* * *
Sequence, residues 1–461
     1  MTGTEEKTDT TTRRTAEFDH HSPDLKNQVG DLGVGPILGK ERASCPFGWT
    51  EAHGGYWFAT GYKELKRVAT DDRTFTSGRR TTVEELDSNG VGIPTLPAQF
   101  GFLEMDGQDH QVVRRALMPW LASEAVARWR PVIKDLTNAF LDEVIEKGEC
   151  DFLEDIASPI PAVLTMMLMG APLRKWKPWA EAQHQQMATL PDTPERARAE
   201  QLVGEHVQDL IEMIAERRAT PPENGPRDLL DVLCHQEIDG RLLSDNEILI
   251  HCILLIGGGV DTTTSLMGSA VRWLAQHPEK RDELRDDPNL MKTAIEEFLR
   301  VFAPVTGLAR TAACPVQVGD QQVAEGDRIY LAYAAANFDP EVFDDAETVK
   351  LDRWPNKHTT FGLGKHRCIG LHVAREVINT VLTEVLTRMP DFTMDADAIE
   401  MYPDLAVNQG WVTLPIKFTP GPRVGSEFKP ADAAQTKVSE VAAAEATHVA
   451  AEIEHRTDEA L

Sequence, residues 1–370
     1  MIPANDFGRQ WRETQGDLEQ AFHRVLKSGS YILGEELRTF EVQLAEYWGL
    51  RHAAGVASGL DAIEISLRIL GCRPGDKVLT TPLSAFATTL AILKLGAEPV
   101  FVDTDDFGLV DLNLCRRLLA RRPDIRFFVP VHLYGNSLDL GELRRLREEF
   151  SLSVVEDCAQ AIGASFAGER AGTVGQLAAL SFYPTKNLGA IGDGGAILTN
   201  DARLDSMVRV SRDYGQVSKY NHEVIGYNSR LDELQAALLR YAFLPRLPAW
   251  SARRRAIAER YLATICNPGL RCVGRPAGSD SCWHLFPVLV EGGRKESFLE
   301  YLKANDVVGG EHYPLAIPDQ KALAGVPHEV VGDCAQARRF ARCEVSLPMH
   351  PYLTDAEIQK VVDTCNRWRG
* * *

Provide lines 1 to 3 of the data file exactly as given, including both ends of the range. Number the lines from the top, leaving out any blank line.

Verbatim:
Sequence, residues 1–461
     1  MTGTEEKTDT TTRRTAEFDH HSPDLKNQVG DLGVGPILGK ERASCPFGWT
    51  EAHGGYWFAT GYKELKRVAT DDRTFTSGRR TTVEELDSNG VGIPTLPAQF